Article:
I had the chance to interview Tippi Hedren today.
Hers is a tremendous story of three lives. Her first was as an actress whose debut role was starring in Alfred Hitchcock's The Birds. Not a bad start—though it came with it's challenges. In an interview where she opened up about Hitchcock's obsessive controlling relationship with her, Tippi claimed Hitchcock not only ruined her career (he wouldn't let her out of her studio contract thus refusing to let her work on other films), but that he was "evil."
Her second life came in 1975. After the war, Vietnamese were coming to the United States as refugees and she was the international relief coordinator for a charity called Food for the Hungry. In one of the refugee camps, she came in contact with Vietnamese women who loved her long beautiful nails. Like the Chinese proverb about teaching a man to fish, she is responsible for putting Vietnamese women on their career path as manicurists—a path that has led to an astounding 80 percent of California's current mani/pedi artists pool that are Vietnamese Americans. Recently, Bellacures nail salon in Brentwood and OPI products honored Tippi for her humanitarian efforts. They screened, "Happy Hands," a documentary directed by Honey Lauren that tells the story of why you see so many Vietnamese women in the nail art biz.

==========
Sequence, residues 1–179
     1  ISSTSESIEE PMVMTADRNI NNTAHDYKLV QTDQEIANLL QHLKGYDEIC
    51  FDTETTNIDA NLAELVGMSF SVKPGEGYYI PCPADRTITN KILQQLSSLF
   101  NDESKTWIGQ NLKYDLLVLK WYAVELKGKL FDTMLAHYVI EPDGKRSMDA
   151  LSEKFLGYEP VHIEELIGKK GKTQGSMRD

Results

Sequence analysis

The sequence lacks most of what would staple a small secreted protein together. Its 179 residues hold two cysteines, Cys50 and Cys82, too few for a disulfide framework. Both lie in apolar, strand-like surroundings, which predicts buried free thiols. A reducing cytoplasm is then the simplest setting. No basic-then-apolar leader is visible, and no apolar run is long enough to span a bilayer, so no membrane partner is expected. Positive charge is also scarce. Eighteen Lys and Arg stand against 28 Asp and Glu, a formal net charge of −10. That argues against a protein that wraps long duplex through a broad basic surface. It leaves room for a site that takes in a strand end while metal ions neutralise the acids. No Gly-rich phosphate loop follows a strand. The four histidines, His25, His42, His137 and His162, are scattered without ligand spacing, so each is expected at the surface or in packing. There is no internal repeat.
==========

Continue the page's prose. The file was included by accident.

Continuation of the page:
Tippi's third life is centered on her Roar Foundation that she founded in 1983 to support Shambala, the animal preserve outside of LA that cares for large wildlife like elephants, tigers, lions, cougars and more. She lives on the preserve and hosts "safaris" for guests to help fund the foundation. shambala.org
My final question to Tippi today was, 'What animal would you like to come back as?' "A Liger!" she answered. A cross between a tiger and a lion, and yes, she once had a liger at Shambala named Patrick.